Based on the inspiration from a select group of professional players and modeled after the sound of legendary vintage harp microphones.
An exciting collaboration between HOHNER and sE Electronics
Modeled after the sound of legendary vintage harp microphones
Comfortable to hold, cup, and use for long periods of time
Volume control utilizing a Bourns® potentiometer and a diamond-pattern knurled chrome knob
High output level and high impedance drives amps properly
Suited to the needs of touring professionals
The perfect mic design to inspire an artist's creative output
Inside the HB52
Compact size. Big sound. Easy to use.
Perfectly sized for easy cupping and handling, the highly reactive capsule responds directly to your hand technique and your musical expression. Moreover, the Harp Blaster HB52 was designed with input from professional harp players to ensure we answered the needs of artists worldwide. Together, HOHNER and sE chased down creating a state-of-the-art product that will satisfy the most discerning harmonica & blues harp player.
Boutique features meet state-of-the-art manufacturing
The HB52 features a volume control utilizing a Bourns® potentiometer and a diamond-pattern knurled chrome knob, making it slip-proof and reliable. If you’d prefer not to have a volume control, it can be disabled internally. The high output level and high impedance will drive your amp properly without the need for any impedance converters, boost pedals or stomp boxes.
Vintage sound paired with modern precision
Modeled after the sound of legendary vintage harp microphones, the Harp Blaster HB52 sets a new standard. Designed as the perfect channel for the artist’s creative output, it’s comfortable to hold, cup, and use for long periods of time so the music can flow unhindered and achieve maximum sonority and expression.
The heart of the Harp Blaster: the capsule
Combining sE’s experience in dynamic capsules and acoustic design with HOHNER’s unrivaled competence in harmonicas for more than 160 years, the Harp Blaster meets the highest expectations of performing musicians and demanding sound engineers. Instead of looking at competing products to sculpt the Harp Blaster’s sound, we took our inspiration from a select group of professional players.
Robust all-metal housing
In the throes of performing, you can drop it, kick it, and/or drive nails with it. The HB52 is built to be a roadworthy tool. Just do us a favor and don’t submerge it in boiling water, or anything similarly ridiculous. Barring that, it should last a lifetime!
Gold-plated XLR connector
We opted to use an XLR jack, as opposed to an attached cable, a 1/4” jack or a screw-on connector, to avoid a common Achilles’ heel among harmonica microphones. An XLR jack provides better connectivity, that won’t become noisy or fussy over time with an internal locking mechanism for total signal security (see the HB52 manual below to easily disable the XLR locking mechanism if preferred).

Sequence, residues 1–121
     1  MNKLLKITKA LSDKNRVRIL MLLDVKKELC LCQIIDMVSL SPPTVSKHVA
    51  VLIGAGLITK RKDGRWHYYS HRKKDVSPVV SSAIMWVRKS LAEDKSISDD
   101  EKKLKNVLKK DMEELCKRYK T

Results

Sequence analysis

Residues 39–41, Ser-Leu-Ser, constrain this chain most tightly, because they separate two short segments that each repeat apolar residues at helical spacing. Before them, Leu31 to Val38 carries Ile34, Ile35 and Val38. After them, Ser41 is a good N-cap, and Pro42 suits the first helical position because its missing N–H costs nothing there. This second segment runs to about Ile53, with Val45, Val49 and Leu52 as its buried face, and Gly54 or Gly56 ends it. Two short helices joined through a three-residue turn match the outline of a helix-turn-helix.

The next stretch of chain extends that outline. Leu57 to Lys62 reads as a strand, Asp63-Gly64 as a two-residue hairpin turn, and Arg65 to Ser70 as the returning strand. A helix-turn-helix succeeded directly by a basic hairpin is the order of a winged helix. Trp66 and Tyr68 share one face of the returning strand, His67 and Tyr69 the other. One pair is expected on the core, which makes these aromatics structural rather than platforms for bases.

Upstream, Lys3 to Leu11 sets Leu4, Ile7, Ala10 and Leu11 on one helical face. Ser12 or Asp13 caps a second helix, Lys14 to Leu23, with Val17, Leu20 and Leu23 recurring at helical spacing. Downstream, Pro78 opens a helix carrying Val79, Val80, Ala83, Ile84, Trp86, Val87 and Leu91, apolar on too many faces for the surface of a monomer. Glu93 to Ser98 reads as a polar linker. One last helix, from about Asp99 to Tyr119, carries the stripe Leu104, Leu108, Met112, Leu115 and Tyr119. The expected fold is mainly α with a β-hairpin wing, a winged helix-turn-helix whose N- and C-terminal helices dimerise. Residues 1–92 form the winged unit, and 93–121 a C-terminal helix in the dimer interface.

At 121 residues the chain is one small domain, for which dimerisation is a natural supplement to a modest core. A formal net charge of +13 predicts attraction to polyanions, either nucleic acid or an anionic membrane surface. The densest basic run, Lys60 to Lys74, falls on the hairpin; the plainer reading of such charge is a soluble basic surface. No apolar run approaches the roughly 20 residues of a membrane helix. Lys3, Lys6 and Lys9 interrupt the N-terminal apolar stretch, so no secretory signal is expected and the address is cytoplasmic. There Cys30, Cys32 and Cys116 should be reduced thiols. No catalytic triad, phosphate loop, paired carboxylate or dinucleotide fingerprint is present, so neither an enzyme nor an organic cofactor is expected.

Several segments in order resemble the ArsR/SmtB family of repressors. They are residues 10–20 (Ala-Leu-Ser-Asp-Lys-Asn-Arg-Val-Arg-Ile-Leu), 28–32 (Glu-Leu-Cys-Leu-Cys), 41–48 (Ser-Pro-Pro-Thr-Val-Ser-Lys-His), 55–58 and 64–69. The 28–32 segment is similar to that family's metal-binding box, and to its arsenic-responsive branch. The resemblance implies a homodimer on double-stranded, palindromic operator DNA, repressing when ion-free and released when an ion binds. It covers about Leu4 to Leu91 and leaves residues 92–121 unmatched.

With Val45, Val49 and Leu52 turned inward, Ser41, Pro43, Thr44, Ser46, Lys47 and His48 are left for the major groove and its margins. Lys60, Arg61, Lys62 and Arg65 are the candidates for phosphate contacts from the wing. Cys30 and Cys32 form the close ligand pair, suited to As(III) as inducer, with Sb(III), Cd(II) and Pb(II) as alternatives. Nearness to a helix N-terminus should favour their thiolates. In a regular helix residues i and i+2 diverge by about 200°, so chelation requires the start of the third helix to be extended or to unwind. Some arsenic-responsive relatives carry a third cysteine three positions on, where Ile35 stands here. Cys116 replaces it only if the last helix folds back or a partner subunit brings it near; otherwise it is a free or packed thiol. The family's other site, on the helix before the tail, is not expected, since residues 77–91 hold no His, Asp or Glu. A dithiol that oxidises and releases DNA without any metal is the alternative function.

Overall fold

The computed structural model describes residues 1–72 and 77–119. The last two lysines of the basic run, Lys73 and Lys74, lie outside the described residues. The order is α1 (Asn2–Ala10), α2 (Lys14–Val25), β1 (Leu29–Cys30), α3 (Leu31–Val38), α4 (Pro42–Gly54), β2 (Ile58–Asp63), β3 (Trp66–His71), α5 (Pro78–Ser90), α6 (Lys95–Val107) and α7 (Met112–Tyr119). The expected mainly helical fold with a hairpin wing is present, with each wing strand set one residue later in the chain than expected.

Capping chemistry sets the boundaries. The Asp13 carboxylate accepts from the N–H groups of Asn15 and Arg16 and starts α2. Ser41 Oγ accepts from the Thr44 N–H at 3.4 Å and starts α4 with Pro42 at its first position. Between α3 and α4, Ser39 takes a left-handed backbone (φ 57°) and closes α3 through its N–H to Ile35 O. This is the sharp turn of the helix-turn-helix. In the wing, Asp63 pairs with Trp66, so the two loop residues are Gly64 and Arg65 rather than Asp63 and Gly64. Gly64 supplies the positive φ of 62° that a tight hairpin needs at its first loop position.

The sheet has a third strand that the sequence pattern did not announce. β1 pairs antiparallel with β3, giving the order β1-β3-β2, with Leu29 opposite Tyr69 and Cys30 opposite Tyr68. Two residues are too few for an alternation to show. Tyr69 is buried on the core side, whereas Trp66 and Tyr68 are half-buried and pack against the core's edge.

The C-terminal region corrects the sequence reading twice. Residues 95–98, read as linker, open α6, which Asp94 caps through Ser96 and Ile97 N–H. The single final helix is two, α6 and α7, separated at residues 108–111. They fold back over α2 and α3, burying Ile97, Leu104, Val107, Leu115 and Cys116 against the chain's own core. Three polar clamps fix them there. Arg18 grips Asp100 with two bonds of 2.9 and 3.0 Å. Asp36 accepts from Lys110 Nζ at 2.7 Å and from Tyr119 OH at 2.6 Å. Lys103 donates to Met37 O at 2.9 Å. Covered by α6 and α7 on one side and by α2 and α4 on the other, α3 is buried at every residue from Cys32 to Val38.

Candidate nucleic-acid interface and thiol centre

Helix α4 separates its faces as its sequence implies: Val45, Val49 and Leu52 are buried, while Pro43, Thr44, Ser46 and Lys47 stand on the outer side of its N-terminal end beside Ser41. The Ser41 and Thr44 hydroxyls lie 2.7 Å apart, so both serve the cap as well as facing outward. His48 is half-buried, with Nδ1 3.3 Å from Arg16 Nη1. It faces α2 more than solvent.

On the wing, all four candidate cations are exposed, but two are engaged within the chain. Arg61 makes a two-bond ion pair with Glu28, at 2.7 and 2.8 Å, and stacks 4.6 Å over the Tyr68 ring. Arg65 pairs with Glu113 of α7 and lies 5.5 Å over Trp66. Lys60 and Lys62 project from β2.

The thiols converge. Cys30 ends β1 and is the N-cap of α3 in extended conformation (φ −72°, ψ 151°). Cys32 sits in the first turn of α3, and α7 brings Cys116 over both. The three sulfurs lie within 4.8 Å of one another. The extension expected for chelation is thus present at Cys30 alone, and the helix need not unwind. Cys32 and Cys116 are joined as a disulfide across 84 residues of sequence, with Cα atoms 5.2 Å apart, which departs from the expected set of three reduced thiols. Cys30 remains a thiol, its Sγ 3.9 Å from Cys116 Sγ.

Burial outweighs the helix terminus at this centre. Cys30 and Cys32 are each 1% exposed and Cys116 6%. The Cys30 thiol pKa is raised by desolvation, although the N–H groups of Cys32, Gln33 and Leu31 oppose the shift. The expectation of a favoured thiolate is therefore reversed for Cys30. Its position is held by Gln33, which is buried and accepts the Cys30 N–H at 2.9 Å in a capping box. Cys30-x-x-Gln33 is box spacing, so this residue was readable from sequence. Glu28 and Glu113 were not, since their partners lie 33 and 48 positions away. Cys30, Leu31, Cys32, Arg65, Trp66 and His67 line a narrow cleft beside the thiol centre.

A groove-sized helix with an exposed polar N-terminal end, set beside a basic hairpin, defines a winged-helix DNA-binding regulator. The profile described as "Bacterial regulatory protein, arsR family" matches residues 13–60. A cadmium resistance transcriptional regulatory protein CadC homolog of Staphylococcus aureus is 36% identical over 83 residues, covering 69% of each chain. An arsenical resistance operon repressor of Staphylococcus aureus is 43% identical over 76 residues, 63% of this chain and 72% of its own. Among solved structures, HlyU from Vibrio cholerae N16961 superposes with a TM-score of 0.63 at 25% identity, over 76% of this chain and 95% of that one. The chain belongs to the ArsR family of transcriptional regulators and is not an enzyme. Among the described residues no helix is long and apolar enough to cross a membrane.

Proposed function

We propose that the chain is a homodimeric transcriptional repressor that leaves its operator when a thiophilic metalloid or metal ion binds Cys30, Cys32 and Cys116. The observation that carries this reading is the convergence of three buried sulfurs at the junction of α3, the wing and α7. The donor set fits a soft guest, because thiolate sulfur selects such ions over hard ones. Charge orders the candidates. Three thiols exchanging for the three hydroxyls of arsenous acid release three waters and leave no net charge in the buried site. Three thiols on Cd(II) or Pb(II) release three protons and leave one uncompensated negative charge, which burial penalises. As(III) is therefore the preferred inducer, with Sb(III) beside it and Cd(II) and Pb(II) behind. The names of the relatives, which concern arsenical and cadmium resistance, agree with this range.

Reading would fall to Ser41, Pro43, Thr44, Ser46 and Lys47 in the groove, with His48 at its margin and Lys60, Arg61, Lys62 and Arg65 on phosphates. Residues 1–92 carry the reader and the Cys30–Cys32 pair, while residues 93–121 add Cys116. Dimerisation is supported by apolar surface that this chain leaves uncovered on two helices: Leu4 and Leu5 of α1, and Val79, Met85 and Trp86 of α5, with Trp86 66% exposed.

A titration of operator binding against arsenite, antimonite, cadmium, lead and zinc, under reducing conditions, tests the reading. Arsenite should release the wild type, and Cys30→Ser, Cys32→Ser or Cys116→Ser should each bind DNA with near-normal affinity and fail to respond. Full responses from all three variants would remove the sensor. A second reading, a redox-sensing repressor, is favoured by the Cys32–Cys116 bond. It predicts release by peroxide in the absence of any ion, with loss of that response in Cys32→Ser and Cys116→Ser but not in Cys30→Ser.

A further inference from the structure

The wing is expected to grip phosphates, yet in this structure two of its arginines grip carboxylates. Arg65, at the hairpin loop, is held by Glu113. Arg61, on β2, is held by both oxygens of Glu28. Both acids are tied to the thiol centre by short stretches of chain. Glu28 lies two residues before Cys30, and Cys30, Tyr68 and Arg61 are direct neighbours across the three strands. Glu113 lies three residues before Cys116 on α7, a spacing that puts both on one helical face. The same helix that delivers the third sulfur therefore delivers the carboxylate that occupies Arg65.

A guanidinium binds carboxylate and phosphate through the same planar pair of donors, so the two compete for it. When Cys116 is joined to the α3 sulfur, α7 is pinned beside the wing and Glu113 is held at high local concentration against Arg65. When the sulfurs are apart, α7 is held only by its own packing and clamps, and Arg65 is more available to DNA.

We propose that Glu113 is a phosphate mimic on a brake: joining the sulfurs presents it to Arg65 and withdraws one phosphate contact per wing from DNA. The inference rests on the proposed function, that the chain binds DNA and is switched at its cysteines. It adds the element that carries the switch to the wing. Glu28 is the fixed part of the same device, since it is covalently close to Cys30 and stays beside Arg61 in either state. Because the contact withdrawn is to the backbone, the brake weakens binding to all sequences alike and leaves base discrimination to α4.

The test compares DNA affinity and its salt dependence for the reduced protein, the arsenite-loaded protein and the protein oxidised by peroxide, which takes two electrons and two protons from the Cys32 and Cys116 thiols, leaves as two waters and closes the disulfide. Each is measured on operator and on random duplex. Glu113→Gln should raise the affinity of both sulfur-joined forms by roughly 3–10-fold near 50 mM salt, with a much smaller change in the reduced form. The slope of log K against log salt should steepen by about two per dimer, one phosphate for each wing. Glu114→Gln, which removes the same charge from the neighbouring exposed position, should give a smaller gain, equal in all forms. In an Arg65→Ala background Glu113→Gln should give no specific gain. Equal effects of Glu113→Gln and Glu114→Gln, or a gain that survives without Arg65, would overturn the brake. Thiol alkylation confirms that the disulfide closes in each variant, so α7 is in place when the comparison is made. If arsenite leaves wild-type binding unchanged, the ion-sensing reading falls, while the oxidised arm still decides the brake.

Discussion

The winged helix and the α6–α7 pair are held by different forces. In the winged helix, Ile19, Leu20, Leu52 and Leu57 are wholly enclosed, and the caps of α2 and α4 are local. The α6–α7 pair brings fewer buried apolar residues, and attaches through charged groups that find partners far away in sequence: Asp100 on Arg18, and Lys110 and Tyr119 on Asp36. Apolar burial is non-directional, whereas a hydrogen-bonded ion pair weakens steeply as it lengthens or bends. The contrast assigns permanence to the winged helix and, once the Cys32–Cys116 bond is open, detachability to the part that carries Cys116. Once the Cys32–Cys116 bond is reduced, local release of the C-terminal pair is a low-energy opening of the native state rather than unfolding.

We generally recommend keeping your microphone in its case or original packaging when it is not in use for more than a few hours. If your studio is very clean and safe, it could be OK to leave out on its mic stand when not in use, but if a mic is out of its case, it could potentially be exposed to dust, smoke, moisture, or humidity – which can damage the sensitive parts of the mic – so we recommend avoiding those things at all cost.
If your microphone has come in contact with dirt or another removable substance, we recommend cleaning it with a very soft, slightly damp cotton cloth. Do not open the microphone up to clean the inside, and make sure you NEVER touch the capsule itself. Cleaning a capsule should only be done by highly trained professionals in a “clean room” environment. If you suspect your capsule needs to be cleaned, please contact [email protected] so we can recommend an authorized local technician.
For the most part, sE mics can tolerate extremely high SPLs (typically over 135dB) and will be fine in front of even the loudest sources – yes, even our ribbon mics. If in doubt, you can check the specifications on the individual product page.
You’ll need some sort of audio interface to do this – essentially, a box that converts an analog signal into a digital one, and sends the digital signal to your computer software in a way that your computer can understand. Some audio interfaces also include microphone preamplifiers, which raise the signal level from “mic level” to “line level” – if you are using an interface with no built-in preamp, you’ll need to plug the mic into a separate mic preamp first.